Models show Indiana’s summer temperatures in 2050 will be more like those of Arkansas and Tennessee today
Indiana’s forests will likely benefit from the state’s changing climate in the short term, thanks to longer growing seasons and a greater concentration of carbon dioxide in the atmosphere. But drawbacks such as increased spring flooding and summer drought are likely to override those benefits in the long term.
Those were some of the key findings in reports from the Indiana Climate Change Impacts Assessment presented during a community briefing Tuesday at St. Thomas Lutheran Church in Bloomington.
The reports, titled “Indiana’s Future Forests” and “Maintaining Indiana’s Urban Green Spaces,” are part of a larger update to a report the Purdue University Climate Change Research Center put together for former U.S. Sen. Richard Lugar about 10 years ago. Lugar wanted more information on how climate change would affect the state before voting on a bill that would provide economic incentives for reductions in pollutant emissions, said Jeffrey Dukes, director of the climate research center. In the years since that report was released, people have asked for more information.
In response to those requests, the climate research center has put together several reports examining how expected changes in climate will affect specific sectors of the state. Reports titled “Indiana’s Past and Future Climate” and “Hoosiers’ Health in a Changing Climate” have already been released and are available online at indianaclimate.org. The two reports discussed Tuesday also can be found on the website.
All the reports are a collaboration among researchers at several universities throughout the state, as well as government agencies, such as the U.S. Forest Service. Richard Phillips, an associate professor of biology at Indiana University, summarized the Indiana forest report.
Indiana’s average annual temperature has increased 1.2 degrees Fahrenheit over the past century, Dukes said. This rise in temperature is expected to continue and intensify. For perspective, Phillips said climate models show Indiana’s summer temperatures in 2050 will be more like those of Arkansas and Tennessee today. By 2100, summers in Indiana will be similar to what Houston, Texas, experiences today.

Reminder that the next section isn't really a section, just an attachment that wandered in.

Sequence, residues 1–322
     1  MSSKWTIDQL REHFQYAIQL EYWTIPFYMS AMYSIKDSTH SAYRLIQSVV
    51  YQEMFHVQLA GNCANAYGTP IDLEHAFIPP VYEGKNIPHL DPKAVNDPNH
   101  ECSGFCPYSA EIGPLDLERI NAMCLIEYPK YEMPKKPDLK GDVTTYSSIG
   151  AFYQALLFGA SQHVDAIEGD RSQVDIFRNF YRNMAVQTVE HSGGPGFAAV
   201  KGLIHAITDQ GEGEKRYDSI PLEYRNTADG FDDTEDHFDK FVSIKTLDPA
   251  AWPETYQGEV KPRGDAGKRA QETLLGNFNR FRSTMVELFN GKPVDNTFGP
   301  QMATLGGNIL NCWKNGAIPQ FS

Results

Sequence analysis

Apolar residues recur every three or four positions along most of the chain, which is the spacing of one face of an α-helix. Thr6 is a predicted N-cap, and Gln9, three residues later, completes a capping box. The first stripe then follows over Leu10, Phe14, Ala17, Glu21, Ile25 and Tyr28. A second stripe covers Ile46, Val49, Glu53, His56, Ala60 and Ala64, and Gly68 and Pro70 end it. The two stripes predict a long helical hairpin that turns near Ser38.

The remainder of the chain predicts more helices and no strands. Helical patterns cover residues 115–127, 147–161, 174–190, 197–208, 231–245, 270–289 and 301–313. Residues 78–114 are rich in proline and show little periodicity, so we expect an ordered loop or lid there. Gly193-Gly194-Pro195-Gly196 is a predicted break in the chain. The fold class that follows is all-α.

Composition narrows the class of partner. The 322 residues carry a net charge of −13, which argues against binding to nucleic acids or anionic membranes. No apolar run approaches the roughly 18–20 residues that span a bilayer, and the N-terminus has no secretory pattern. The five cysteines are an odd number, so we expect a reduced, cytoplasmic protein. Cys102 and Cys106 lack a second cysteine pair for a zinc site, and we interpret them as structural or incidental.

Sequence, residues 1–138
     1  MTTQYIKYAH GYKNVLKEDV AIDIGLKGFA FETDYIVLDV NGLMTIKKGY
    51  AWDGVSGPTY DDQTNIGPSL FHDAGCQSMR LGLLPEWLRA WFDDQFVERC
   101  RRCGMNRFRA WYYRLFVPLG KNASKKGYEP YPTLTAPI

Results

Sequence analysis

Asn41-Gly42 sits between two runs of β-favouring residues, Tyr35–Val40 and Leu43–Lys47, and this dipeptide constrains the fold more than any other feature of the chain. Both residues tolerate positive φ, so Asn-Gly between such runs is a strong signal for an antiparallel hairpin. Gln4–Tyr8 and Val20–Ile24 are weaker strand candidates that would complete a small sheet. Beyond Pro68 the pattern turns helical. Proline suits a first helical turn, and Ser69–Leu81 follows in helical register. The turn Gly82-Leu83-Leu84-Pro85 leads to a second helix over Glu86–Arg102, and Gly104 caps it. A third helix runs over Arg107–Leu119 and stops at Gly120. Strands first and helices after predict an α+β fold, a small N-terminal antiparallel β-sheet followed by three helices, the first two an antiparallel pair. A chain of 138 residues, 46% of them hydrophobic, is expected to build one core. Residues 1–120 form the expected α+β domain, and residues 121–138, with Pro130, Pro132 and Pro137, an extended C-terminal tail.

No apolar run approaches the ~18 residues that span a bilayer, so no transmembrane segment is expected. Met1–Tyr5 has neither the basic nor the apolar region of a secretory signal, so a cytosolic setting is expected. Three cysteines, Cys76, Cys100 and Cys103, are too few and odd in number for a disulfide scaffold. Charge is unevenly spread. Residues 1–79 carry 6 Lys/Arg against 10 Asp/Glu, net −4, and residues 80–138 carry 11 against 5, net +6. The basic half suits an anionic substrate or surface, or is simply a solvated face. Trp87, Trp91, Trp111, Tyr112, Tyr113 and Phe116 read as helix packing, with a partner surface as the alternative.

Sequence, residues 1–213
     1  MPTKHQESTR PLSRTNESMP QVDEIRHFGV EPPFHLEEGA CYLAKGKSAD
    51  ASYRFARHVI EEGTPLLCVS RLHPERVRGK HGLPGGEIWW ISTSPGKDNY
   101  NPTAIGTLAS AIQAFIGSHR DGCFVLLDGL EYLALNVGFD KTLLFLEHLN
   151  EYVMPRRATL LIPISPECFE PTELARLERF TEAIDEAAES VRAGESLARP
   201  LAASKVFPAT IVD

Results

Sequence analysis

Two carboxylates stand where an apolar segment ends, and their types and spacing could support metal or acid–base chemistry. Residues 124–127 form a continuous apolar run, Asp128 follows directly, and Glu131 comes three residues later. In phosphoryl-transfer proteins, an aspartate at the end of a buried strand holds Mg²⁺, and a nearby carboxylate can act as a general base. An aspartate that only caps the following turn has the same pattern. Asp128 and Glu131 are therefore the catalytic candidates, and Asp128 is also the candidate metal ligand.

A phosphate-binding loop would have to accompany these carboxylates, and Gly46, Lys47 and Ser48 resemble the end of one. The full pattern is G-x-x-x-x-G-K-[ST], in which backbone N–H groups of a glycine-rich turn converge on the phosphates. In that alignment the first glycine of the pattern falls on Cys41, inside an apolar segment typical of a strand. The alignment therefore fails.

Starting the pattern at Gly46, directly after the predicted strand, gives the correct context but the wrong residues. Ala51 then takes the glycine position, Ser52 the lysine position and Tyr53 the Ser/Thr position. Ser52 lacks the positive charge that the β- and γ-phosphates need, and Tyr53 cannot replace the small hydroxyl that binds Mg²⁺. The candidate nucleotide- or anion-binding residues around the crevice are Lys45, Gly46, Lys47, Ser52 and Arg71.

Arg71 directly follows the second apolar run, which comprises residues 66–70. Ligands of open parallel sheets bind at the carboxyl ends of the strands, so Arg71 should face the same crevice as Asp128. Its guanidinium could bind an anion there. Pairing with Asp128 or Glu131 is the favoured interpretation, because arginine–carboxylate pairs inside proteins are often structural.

The increase in temperature will extend Indiana’s growing season, but it’s also expected to change weather patterns. Scientists predict Indiana will get more precipitation in the winter and spring. That precipitation is unlikely to fall as snow and more likely to fall in heavy downpours, increasing erosion. More drought is expected in summer and fall.
These changes will be detrimental to some species of plants and animals, while others will benefit, Phillips said. For instance, Indiana’s changing habitat will be less suitable for some tree species, such as American basswood and Eastern white pine, but more suitable for species such as silver maple and sycamore.
The changes will also make the state more suitable for plants from other states. Tree species such as black hickory and loblolly pine could become more common, but invasive species such as kudzu could establish themselves. Kudzu vines have caused millions of dollars in damage to forests in the eastern U.S., Phillips said.
Dukes said presenting the climate report in community briefings encourages networking between researchers at different universities and helps people in a community network with others who have similar interests. Those collaborations are key to preparing communities around the state for future climate changes.
“The decisions we’re making now will have implications down the road,” he said.